The Smith-Lever Act of 1914, signed into law by President Woodrow Wilson, established the...
College of Pharmacy
The KEYS program, which teaches high-schoolers how to conduct scientific research, runs May 29 through July 13.
Thirty-six exceptional Arizona high school students will gain hands-on experience in scientific research this summer during the sixth annual Keep Engaging Youth in Science, or KEYS, Internship Program at the University of Arizona.
The UA BIO5 Institute and the Southwest Environmental Health Sciences Center at the UA College of Pharmacy direct the program, which runs May 29 through July 13. By the conclusion of this session, more than 135 Arizona teens will have completed KEYS internships and contributed to ongoing research projects across the University.
This year's students are from greater Tucson-area high schools, including Pueblo, Catalina, University, Tucson High, St. Gregory's, Basis, Flowing Wells, Mountain View, Canyon del Oro and Sahuarita, and schools in Nogales, Phoenix, Chandler and Glendale.
They were chosen competitively from more than 115 applicants. The high-schoolers will work in UA laboratories engaged in bioscience, bioengineering and environmental health science research.
The KEYS interns will attend a training institute during the first week of the program. This year's opening will feature remarks by several past interns, including Jacquelyn De Sa, a graduate of the 2011 KEYS group who has been accepted at the Massachusetts Institute of Technology.
Of her KEYS experience, De Sa said, "I came into KEYS last summer knowing virtually nothing about the field of research I was about to engage in. Although my hands first quivered at the prospect of loading a gel ring, my training in KEYS, the support of my fellow interns and my lab team's willingness to answer incessant questions fostered an environment where I could grow to love my research and understand it on a level most high school students are never exposed to."
"KEYS provided an environment of learning, engagement and passion for science that made it possible for me to grow as a scientist, a student and a leader in both the scientific community and the community as a whole."
Following the training week, interns will participate in research under the mentorship of UA investigators and graduate students and attend weekly seminars to discuss their experiences and practice science communication skills.
The seven-week experience will culminate with research poster presentations to their peers, families and the public, on July 13 at 10 a.m. in the Thomas W. Keating Bioresearch Building.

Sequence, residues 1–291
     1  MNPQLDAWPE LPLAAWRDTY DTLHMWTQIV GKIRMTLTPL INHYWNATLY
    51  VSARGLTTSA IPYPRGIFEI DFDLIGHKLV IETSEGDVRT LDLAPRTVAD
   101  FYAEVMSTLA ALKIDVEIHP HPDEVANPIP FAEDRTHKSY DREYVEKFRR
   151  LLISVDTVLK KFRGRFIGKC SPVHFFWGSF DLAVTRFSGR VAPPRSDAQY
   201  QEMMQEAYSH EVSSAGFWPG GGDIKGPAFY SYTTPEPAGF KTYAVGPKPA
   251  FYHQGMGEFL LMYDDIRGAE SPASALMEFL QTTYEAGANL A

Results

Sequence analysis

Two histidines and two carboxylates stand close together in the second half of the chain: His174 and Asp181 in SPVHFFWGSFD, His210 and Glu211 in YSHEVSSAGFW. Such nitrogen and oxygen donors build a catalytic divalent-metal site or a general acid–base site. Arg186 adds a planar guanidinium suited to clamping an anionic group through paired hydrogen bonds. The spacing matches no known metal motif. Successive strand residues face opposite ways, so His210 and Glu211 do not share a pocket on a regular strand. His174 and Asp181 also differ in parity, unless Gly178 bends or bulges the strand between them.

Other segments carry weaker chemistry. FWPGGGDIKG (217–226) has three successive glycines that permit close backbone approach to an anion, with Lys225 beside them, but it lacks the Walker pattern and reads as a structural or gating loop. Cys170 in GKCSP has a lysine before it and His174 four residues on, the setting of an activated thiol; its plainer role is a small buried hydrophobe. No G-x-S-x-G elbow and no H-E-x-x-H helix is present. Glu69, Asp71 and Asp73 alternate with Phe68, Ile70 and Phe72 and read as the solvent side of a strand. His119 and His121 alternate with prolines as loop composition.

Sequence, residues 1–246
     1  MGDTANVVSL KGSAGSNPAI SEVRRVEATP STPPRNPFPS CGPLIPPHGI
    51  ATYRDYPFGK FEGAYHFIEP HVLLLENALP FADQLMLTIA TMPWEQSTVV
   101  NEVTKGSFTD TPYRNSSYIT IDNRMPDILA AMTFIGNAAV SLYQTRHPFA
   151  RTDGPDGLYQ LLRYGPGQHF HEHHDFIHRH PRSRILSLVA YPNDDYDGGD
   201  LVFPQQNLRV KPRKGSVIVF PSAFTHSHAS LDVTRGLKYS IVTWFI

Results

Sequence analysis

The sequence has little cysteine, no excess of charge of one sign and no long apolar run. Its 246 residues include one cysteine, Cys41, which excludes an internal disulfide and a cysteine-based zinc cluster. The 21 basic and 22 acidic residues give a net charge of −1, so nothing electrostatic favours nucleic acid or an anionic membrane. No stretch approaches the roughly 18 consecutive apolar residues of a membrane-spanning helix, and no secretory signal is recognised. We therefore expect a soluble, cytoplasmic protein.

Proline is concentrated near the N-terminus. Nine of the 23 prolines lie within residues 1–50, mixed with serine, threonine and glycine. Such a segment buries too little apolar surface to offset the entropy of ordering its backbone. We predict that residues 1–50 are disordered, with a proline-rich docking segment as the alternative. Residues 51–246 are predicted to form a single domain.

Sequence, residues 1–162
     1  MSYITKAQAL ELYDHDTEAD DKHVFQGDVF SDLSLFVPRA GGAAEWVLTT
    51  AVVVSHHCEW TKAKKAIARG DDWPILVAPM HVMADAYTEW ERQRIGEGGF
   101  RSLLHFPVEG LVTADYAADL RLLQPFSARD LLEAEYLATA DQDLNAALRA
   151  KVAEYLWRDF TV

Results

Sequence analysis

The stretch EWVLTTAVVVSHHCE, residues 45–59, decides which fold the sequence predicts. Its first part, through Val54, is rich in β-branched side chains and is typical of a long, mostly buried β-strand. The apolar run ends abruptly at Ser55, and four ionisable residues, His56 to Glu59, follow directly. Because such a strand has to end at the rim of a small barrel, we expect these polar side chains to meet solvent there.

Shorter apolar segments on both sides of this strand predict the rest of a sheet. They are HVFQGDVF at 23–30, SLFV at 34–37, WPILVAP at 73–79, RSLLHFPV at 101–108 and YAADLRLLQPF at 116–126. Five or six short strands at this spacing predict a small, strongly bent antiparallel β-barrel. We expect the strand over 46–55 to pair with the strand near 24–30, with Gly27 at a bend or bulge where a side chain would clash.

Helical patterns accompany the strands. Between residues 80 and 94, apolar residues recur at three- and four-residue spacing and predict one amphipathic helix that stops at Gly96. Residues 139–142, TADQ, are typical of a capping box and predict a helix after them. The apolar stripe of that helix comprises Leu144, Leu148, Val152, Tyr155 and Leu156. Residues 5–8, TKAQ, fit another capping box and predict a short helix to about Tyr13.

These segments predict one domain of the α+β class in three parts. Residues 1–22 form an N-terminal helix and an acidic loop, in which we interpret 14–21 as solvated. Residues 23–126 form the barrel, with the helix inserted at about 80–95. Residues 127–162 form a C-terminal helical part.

More than 80 UA faculty members have mentored KEYS interns since the program began in 2007. More than 30 researchers are involved this year, including Rod Wing of the Arizona Genomics Institute and Serrine S. Lau, director of the Southwest Environmental Health Sciences Center. Lau welcomed high school students to her lab for research projects even before the KEYS program was organized.
"These young people are the ones who will be continuing with the scientific discovery," Lau said. "They will be the ones who will be taking from what little we know now and expanding on further investigation. We must start now by allowing students to ask questions in the search for answers."
The KEYS internship program relies entirely on financial support by the community and receives funding from the BIO5 Institute, the Southwest Environmental Health Sciences Center, foundation and corporate sponsorships and contributions from individual donors.
One foundation that underwrites KEYS is the Thomas R. Brown Family Foundation. Foundation President Sarah Brown Smallhouse said, "We support the KEYS internship program because it provides a creative experience that can impact a student's life forever. Sparking curiosity and teaching the methods of discovery can set a young person off on an exciting career path in science and technology key underpinnings of innovation and American competitiveness in the world."
"We believe that it's particularly important to invest in talented and enthusiastic young people interested in the biosciences, medicine and associated fields and research during challenging economic times. We are pleased to be able to help students who may not otherwise be financially able to participate in the KEYS program."
The BIO5 Institute at the UA mobilizes top researchers in five disciplines – agriculture, engineering, medicine, pharmacy and science – to find collaborative solutions to humanity's most pressing health and environmental challenges.
Since 2001, its multidisciplinary approach has been an international model of how to conduct collaborative research and has resulted in improved food crops, innovative diagnostic devices and promising new therapies. In addition, BIO5 is a leader in science education, outreach and training programs throughout Arizona.
Housed in the UA College of Pharmacy, the Southwest Environmental Health Sciences Center is a collaborative interdisciplinary research center that actively is investigating the effects of environmental agents on human health. The center also provides community outreach and education related to how exposures to environmental agents (and other stresses) contribute to human disease.
College of Pharmacy